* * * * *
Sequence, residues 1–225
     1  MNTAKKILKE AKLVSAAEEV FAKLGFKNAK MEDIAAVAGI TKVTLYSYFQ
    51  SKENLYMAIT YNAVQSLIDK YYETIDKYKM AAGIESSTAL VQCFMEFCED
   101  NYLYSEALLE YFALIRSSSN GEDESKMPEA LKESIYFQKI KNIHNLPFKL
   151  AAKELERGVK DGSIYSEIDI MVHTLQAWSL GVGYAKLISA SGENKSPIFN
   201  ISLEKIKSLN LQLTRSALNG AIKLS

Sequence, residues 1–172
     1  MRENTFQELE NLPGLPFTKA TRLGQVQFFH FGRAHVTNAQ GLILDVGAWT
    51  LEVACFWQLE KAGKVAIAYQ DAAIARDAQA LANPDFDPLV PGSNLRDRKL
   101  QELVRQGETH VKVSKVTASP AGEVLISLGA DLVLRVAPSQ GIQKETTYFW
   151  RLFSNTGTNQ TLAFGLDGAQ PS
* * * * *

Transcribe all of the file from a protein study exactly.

Sequence, residues 1–225
     1  MNTAKKILKE AKLVSAAEEV FAKLGFKNAK MEDIAAVAGI TKVTLYSYFQ
    51  SKENLYMAIT YNAVQSLIDK YYETIDKYKM AAGIESSTAL VQCFMEFCED
   101  NYLYSEALLE YFALIRSSSN GEDESKMPEA LKESIYFQKI KNIHNLPFKL
   151  AAKELERGVK DGSIYSEIDI MVHTLQAWSL GVGYAKLISA SGENKSPIFN
   201  ISLEKIKSLN LQLTRSALNG AIKLS

Sequence, residues 1–172
     1  MRENTFQELE NLPGLPFTKA TRLGQVQFFH FGRAHVTNAQ GLILDVGAWT
    51  LEVACFWQLE KAGKVAIAYQ DAAIARDAQA LANPDFDPLV PGSNLRDRKL
   101  QELVRQGETH VKVSKVTASP AGEVLISLGA DLVLRVAPSQ GIQKETTYFW
   151  RLFSNTGTNQ TLAFGLDGAQ PS